The unedifying spectacle of Tuesday night’s presidential debate produced some shock, some sadness and some weariness among both America’s allies and its rivals on Wednesday.
As President Trump bellowed, blustered and shouted down both the moderator, Chris Wallace, and his opponent, former Vice President Joseph R. Biden Jr., and as Mr. Biden responded by calling Mr. Trump a “clown,” many wondered if the chaos and tenor of the event said something more fundamental about the state of American democracy.
“Of course, the ultimate arbiter will be the American voter,” said Ulrich Speck, an analyst with the German Marshall Fund in Berlin. “But there is a consensus in Europe that this is getting out of hand, and this debate is an indicator of the bad shape of the American democracy.’’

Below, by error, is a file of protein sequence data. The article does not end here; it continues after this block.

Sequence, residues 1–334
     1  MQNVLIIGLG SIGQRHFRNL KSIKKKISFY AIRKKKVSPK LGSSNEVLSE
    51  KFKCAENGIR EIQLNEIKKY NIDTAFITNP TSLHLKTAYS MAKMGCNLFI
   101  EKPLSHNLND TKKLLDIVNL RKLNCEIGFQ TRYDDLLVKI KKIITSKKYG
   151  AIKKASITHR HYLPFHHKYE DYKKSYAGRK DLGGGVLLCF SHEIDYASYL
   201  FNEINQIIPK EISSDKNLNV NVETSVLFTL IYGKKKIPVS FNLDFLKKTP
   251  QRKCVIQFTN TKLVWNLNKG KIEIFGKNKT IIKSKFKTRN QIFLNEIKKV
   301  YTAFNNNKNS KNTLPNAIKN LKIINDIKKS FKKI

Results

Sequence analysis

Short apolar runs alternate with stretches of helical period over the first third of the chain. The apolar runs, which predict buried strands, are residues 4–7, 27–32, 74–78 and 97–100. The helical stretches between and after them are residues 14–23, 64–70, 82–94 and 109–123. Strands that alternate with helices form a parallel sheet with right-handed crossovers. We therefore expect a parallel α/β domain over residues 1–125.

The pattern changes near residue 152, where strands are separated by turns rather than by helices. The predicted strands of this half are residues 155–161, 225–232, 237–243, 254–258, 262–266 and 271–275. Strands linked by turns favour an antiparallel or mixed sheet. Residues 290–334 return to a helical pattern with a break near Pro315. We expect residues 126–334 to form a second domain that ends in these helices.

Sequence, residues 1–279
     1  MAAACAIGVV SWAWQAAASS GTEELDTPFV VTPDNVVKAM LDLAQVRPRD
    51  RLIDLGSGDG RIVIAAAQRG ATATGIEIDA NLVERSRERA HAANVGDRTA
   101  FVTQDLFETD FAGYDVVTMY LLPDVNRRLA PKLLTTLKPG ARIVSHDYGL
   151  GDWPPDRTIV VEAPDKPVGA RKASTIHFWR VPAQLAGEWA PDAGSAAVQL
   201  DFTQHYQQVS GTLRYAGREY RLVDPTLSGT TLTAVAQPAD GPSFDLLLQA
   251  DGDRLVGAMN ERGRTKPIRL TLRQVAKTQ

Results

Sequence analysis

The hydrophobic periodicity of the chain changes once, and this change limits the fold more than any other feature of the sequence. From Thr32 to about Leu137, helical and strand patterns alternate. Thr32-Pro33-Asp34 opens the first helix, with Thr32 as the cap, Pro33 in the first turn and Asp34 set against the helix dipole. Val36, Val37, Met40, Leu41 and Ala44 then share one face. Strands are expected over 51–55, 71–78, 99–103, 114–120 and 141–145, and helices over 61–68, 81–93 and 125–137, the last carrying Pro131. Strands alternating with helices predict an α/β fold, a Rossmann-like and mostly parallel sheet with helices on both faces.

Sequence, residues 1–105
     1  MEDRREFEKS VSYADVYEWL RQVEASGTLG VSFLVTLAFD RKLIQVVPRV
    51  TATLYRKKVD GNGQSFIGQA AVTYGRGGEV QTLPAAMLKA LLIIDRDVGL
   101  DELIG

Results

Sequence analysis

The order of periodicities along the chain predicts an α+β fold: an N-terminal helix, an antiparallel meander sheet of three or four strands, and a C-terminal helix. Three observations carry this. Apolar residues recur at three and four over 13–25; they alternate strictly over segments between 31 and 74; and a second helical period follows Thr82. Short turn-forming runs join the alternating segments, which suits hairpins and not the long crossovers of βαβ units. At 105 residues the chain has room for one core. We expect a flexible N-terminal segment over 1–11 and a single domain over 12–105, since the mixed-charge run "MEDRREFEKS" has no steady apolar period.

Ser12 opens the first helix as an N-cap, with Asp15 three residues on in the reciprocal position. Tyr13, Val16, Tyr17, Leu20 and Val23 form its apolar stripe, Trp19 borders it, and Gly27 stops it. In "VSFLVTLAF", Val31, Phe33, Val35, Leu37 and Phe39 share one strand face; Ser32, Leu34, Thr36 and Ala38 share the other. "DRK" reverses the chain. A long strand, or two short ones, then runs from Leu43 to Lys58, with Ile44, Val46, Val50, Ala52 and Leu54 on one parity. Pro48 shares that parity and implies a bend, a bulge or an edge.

There was always a sense among allies that in America, despite political disagreement, “there is one republic, and conflict will be solved by debate and compromise,” and “that power was married to some kind of morality,” Mr. Speck said.
But that view is being questioned now, he said: “The debate was really no debate at all, but two people pursuing their strategies.”
John Sawers, a former British diplomat and head of a risk analysis firm, said simply: “My own response is that it makes me despondent about America. The country we have looked to for leadership has descended into an ugly brawl.”
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